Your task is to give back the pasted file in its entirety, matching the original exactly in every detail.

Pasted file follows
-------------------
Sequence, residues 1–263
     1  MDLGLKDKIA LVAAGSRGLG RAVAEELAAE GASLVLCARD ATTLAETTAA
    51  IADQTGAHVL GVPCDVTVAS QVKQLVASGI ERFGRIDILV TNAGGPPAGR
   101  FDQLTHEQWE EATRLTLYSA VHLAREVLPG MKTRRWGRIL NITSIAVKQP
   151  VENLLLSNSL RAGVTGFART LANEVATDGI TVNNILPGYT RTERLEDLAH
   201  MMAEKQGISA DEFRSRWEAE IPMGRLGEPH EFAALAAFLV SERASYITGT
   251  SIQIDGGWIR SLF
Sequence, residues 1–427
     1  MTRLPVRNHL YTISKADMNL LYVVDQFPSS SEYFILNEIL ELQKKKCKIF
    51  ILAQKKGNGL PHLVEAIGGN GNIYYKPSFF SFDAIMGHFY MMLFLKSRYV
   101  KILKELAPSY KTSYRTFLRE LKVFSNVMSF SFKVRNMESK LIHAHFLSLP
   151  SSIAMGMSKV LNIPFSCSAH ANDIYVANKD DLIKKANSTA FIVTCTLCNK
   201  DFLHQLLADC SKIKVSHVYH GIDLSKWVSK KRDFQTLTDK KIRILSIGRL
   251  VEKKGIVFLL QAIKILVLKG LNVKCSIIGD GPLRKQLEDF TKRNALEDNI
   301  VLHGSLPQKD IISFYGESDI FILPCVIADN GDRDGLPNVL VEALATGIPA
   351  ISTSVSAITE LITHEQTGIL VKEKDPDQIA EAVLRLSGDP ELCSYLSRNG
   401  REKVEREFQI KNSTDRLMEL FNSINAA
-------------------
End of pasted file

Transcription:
Sequence, residues 1–263
     1  MDLGLKDKIA LVAAGSRGLG RAVAEELAAE GASLVLCARD ATTLAETTAA
    51  IADQTGAHVL GVPCDVTVAS QVKQLVASGI ERFGRIDILV TNAGGPPAGR
   101  FDQLTHEQWE EATRLTLYSA VHLAREVLPG MKTRRWGRIL NITSIAVKQP
   151  VENLLLSNSL RAGVTGFART LANEVATDGI TVNNILPGYT RTERLEDLAH
   201  MMAEKQGISA DEFRSRWEAE IPMGRLGEPH EFAALAAFLV SERASYITGT
   251  SIQIDGGWIR SLF
Sequence, residues 1–427
     1  MTRLPVRNHL YTISKADMNL LYVVDQFPSS SEYFILNEIL ELQKKKCKIF
    51  ILAQKKGNGL PHLVEAIGGN GNIYYKPSFF SFDAIMGHFY MMLFLKSRYV
   101  KILKELAPSY KTSYRTFLRE LKVFSNVMSF SFKVRNMESK LIHAHFLSLP
   151  SSIAMGMSKV LNIPFSCSAH ANDIYVANKD DLIKKANSTA FIVTCTLCNK
   201  DFLHQLLADC SKIKVSHVYH GIDLSKWVSK KRDFQTLTDK KIRILSIGRL
   251  VEKKGIVFLL QAIKILVLKG LNVKCSIIGD GPLRKQLEDF TKRNALEDNI
   301  VLHGSLPQKD IISFYGESDI FILPCVIADN GDRDGLPNVL VEALATGIPA
   351  ISTSVSAITE LITHEQTGIL VKEKDPDQIA EAVLRLSGDP ELCSYLSRNG
   401  REKVEREFQI KNSTDRLMEL FNSINAA